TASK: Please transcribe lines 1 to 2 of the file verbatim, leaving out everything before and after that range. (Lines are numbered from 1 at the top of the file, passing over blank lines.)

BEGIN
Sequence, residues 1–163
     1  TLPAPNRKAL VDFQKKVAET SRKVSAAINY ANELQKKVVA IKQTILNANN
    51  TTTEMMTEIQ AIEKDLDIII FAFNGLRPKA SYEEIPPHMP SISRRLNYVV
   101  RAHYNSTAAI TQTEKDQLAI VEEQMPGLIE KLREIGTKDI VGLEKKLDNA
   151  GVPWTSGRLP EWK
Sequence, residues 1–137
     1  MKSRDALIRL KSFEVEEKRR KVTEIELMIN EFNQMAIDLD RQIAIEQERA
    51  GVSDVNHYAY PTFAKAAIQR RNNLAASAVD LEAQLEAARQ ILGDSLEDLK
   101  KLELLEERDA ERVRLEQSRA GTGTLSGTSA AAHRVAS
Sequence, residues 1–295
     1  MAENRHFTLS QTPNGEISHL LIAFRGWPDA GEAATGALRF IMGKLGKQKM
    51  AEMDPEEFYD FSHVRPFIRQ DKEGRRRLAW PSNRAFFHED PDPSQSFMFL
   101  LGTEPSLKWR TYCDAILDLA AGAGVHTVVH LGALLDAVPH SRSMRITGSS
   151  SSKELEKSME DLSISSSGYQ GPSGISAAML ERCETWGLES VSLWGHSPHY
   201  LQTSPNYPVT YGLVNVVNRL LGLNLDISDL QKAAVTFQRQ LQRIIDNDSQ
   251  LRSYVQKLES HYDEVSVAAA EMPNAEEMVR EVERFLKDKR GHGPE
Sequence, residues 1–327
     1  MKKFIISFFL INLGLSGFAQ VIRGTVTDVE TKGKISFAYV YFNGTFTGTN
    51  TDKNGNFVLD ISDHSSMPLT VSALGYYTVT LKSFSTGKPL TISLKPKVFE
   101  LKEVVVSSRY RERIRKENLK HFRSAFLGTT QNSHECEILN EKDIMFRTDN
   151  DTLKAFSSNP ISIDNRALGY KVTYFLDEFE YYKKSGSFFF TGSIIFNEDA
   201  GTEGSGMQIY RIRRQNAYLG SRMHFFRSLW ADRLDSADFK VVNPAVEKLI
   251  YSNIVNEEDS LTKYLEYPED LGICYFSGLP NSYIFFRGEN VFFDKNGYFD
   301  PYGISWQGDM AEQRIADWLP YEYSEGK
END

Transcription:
Sequence, residues 1–163
     1  TLPAPNRKAL VDFQKKVAET SRKVSAAINY ANELQKKVVA IKQTILNANN